The first year at Columbia is a transitional one. As a high school student, you worked hard and earned your spot here. You will find that academic success at Columbia is less formulaic. At Columbia, you’ll have a more independent role in ensuring your academic success, but you are by no means alone. To start, we’ve provided some helpful tips and resources that can help you think about how to approach your college academics.
1. Showing up is more than half the battle
Show up to class prepared. Do the reading assignments, the problem sets, and whatever other tasks have been assigned. If an assignment feels overwhelming or unclear, or if you are nervous about participating in a discussion-based class, then start by jotting down a few observations or questions as fodder for a productive class.
2. Rethink your notions of academic success
A great GPA helped you get into Columbia; now we invite you to lessen your focus on grades and to instead prioritize absorbing the material you are learning while expanding and improving your skills as a critical/quantitative/creative thinker. Embrace the idea of learning from mistakes or struggling through the process, which will cultivate resilience and intellectual growth– invaluable skills for life.
3. Build an early relationship with your CSA adviser
This may help you feel more comfortable seeking advice from your CSA adviser when it is most needed. Your adviser is here to help you with any personal or academic hardships.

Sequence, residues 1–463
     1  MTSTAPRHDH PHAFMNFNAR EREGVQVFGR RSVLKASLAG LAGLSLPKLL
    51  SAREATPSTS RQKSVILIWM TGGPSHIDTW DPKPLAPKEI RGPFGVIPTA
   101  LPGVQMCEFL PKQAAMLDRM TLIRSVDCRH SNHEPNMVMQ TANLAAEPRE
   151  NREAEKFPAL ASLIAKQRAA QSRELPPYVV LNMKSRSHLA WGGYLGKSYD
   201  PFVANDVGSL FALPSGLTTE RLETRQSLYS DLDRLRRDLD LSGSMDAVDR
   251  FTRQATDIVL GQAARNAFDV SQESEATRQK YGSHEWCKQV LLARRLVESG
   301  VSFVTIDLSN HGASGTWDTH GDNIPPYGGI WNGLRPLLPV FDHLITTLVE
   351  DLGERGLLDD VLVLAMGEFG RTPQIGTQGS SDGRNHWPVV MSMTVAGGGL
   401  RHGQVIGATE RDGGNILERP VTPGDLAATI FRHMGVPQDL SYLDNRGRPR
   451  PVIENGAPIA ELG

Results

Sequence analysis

4. Know the Academic Calendar deadlines
There are different academic deadlines for each school, such as add/drop, withdrawal, and certain academic petitions. You’ll find deadlines for all schools listed on the Registrar’s website.
5. Go to office hours and get to know faculty members and teaching assistants
Make a habit of going to office hours throughout the semester, even when you are doing well in the class. Going to office hours gives you the opportunity to get to know your professors on a personal level. It also allows you to review ideas for assignments and discuss your academic aspirations. By getting to know your instructors, you’ll gain more connection to the class and course content while demonstrating your commitment to the learning process.
6. Organize your schedule
Use a planner or calendar to track when your assignments are due and when exams are scheduled. This will help you avoid emailing your professor just before your assignment is due. Instructors are less likely to give an extension on short notice.
7. Attend tutoring or Help Room sessions
Times and locations (both physical and virtual) are posted online.
8. Learn about your resources before you need them
When you have a moment, spend some time getting to know the many sources of undergraduate support on campus by exploring the Live Well | Learn Well resources.
9. Don’t wait until the last minute to start writing papers or working on assignments
Use the Ask a Librarian service at Columbia Libraries to get research support in finding credible online sources and learn how to use Zotero citation management software. Go to the Writing Center for support in all areas of the writing process, from brainstorming ideas to revising your papers.